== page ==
4

I'm translating the following sentence about Macron and his attitude towards the pension reforms, and how people are too hyperfocused on Macron instead of the entire republic and how that needs to change:

"Quand Emmanuel Macron s'enrhume, c'est toute la France qui tousse. On parle de crise de régime, alors que ce n'est que la crise d'un homme."

I do understand the jist of the sentence, in the sense that if Macron does even the tiniest of things, the whole of France is hyperfocused on it. I was just wondering is this a weird phrase the author has used/ made up themselves or is this a known idiom in French? If so, is there any other ways in French that you can portray the same idea in a less-weirdly-phrased way?

2
  • 1
    — I don't think it is “weirdly phrased”. As already pointed out in one of the answers, the sentence is an allusion to a phrase long attributed—correctly or incorrectly—to Metternich. As such, that phrase is also reasonably well known in English and you should therefore use that in your translation. There are countless variants, including the commonly repeated “When Germany sneezes, the whole of Europe catches cold”. A letter to the editor of the Independent had this recently: “…when the UK economy sneezes, it’s the Emerald Isle which catches the cold first”.
    – Segorian
    May 4, 2023 at 17:38
  • Clickbait question title. May 5, 2023 at 17:26

3 Answers 3

6

I would say it is almost an idiom. Similar expressions are used once in a while, oftentimes around protests, demonstrations or other power struggles. The expression does not feel weird or strange to a French ear. Besides von Metternich, more recent examples would be:

  • Quand Billancourt éternue, c'est toute la France qui s'enrhume (link)

  • Quand Renault tousse, la France ne s'enrhume plus (link)

  • Quand l'Amérique éternue, le reste du monde s'enrhume, et c'est la grippe pour tous (link)

  • Quand Pékin éternue, c’est le monde qui s’enrhume (link)

  • Peugeot s’enrhume, la France grelotte (link)

To answer the second part of your question, if a translation were to water down this expression, it would inevitably lose the connotations apparent in the above examples. Maybe translate it closer to the French, but in quotes? But isn't something along those lines acceptable in English too:

  • When Paris sneezes, Europe catches a cold.
3

It's not so much an idiom as an allusion to a quote by Klemens von Metternich:

Quand Paris s'enrhume, l'Europe prend froid.*

However, while the force of von Metternich's quote seems to be the importance and centrality of Paris in European political dynamics, the force of the sentence you quote seems to be the self-importance — the egotism — of Macron, or else the misguided, tabloid-like focus of the journalists.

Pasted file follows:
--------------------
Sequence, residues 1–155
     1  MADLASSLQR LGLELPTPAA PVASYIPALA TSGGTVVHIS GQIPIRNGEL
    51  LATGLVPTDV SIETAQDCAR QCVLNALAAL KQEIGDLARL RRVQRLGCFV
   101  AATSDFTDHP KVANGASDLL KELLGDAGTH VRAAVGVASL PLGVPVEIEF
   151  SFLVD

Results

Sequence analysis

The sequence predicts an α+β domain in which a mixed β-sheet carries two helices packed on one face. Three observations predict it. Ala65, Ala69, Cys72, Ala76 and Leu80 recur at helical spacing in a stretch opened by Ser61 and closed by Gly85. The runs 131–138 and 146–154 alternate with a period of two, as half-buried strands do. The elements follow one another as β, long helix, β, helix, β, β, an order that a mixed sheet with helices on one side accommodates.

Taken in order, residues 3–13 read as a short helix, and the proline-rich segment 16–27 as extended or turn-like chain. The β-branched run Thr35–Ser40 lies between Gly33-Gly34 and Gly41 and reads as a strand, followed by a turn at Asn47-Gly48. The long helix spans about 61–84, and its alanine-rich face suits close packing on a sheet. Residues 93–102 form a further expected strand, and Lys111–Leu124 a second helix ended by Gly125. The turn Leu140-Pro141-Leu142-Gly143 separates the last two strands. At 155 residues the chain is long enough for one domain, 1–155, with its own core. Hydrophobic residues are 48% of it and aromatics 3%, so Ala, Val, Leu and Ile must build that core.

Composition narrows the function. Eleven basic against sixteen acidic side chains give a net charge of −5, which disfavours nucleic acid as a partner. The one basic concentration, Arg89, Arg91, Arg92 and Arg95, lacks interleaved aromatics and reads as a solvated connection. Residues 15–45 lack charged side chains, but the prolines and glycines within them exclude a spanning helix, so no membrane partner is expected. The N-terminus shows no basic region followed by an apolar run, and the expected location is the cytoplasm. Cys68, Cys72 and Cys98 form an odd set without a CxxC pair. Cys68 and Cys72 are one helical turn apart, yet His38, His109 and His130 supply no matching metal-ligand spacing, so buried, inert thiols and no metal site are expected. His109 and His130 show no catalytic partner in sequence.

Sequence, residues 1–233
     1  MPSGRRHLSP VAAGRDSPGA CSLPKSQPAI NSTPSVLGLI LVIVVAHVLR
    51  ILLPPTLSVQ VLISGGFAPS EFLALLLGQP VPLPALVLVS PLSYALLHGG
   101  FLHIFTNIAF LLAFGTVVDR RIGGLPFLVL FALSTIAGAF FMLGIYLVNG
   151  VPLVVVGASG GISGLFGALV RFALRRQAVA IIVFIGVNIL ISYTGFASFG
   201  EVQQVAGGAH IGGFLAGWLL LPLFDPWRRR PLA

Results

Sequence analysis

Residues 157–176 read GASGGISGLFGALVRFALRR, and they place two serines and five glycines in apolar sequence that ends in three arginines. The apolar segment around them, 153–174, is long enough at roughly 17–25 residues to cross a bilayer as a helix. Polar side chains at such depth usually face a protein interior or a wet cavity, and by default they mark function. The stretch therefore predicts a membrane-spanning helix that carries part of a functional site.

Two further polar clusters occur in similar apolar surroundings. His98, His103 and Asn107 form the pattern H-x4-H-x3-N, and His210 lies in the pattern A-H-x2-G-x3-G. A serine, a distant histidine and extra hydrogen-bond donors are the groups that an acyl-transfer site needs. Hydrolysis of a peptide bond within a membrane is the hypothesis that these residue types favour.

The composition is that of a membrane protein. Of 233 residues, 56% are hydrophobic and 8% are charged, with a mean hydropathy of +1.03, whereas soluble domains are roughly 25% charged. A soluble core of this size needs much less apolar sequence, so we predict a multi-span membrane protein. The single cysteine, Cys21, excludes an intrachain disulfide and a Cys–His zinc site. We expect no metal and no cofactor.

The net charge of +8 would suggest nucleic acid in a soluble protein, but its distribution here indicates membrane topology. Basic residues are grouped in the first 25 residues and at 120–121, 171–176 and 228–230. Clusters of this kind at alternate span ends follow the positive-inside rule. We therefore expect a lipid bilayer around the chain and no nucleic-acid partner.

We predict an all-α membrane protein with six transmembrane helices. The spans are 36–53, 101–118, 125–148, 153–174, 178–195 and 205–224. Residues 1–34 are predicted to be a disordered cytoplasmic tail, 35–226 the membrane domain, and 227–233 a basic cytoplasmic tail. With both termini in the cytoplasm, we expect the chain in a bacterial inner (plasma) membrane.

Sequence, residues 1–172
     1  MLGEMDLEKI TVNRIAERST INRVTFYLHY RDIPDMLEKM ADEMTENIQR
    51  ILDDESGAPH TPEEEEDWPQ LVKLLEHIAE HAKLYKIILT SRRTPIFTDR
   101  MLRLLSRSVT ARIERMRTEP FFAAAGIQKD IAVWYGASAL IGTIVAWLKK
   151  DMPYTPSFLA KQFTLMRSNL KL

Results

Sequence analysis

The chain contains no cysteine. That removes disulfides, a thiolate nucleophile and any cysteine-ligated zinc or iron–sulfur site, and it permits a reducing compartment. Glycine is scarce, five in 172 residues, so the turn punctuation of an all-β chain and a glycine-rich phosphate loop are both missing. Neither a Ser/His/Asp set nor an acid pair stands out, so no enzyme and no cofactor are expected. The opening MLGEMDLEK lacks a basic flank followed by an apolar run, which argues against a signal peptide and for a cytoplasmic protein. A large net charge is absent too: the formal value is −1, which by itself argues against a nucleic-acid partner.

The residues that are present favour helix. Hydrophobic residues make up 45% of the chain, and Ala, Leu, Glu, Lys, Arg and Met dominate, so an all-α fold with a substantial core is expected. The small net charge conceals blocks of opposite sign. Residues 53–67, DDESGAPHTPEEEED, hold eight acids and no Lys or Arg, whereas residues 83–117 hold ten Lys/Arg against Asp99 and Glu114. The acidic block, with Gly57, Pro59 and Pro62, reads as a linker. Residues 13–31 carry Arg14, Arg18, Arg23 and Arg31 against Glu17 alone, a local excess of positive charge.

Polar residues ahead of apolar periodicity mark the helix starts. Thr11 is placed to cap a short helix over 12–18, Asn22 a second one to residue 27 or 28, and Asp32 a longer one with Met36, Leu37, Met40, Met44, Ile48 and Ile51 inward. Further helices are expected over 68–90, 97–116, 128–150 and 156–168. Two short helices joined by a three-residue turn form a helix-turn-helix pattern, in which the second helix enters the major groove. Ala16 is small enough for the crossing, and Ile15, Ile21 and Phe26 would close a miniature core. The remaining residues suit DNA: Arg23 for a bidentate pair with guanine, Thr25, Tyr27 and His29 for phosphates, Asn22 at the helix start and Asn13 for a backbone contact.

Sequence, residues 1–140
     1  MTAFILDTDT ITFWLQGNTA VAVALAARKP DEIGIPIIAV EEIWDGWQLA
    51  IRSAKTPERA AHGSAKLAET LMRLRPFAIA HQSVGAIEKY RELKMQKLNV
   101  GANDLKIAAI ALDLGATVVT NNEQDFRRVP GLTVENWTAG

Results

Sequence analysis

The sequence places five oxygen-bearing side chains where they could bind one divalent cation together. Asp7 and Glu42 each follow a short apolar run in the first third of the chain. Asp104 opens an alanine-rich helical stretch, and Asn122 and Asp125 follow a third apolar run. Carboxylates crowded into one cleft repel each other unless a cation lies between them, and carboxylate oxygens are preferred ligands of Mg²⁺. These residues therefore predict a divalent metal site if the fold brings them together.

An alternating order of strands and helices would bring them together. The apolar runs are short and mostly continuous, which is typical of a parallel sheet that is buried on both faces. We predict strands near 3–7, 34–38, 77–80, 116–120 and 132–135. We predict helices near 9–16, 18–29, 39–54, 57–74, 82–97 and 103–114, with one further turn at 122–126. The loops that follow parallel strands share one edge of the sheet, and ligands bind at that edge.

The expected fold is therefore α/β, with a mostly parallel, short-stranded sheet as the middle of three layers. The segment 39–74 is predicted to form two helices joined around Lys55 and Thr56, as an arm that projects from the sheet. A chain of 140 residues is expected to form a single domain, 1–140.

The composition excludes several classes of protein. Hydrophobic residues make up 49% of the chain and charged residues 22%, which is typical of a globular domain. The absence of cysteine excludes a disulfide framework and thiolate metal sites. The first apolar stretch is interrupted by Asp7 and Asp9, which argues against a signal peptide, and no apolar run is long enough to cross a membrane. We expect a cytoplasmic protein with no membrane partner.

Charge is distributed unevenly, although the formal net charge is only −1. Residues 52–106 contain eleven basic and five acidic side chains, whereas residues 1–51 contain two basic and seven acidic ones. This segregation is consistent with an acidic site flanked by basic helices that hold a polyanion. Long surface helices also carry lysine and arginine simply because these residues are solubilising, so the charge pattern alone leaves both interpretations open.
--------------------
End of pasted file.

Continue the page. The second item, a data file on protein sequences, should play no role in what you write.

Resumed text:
* I wasn't able to find the source of this quote in less than five minutes, but it's at least widely attributed to him...

2
  • That quote is the same as the last line of @Frank's answer?
    – Barmar
    May 5, 2023 at 14:49
  • @Barmar I think Frank accidentally misread my answer as part of the question and incorporated it into his answer.
    – Luke Sawczak
    May 5, 2023 at 18:07
0

Upon reading of the article, which is necessary to understand better what is being said, one can arrive at the conclusion that this personal image on the model of Von Metternich's quote is used somewhat in the spirit of that quote, but, however, the point is that in this particular case, Emmanuel Macron's cold is not tantamount to France having a fit of caughing; let it be said for now that "France" is perhaps not what one might think, and that there is in this image no strict parallel of the elements with those in the quote.

The meaning of that quote, of which I find an explicit explanation nowhere, seems to be that the ties between an important element of a system and elements more or less dependent on this central component but of less importance, will lead to the situation that failure experienced by this main element will have repercussions on the system in a similarly negative way.

Sommes-nous vraiment en dictature ? Chronique Isabelle de Gaulmyn

Macron's cold is figuratively the label apposed to his apparent failure, or rather lack of popular success as regards the latest social reform in France. Alongside this political state of affairs came into being another one, on a parallel level, although one of much more importance as it concerns the would-be failure of the political institutions, which a significant part of the political class is presently denouncing as showing defects, defects incidentally made salient in the proceedings concerning this very social reform: some would pretend that institutions are ill-conceived as far as their role in preserving democracy is concerned and that they are to be held responsible for the new social laws having been imposed on the people in a dictatorial fashion, or so they say. The author is then saying that when Macron « fails », a certain political consensus tends to make of that failure a shortcoming of the system; she, the author, says it is not true, the democratic process is far from giving way to dictatorial practices. It follows that "France" is not to be taken as "the French people" but instead as "France's political institutions", and so, the image is perhaps not quite satisfactory.

Your Answer

By clicking “Post Your Answer”, you agree to our terms of service and acknowledge you have read our privacy policy.

Not the answer you're looking for? Browse other questions tagged or ask your own question.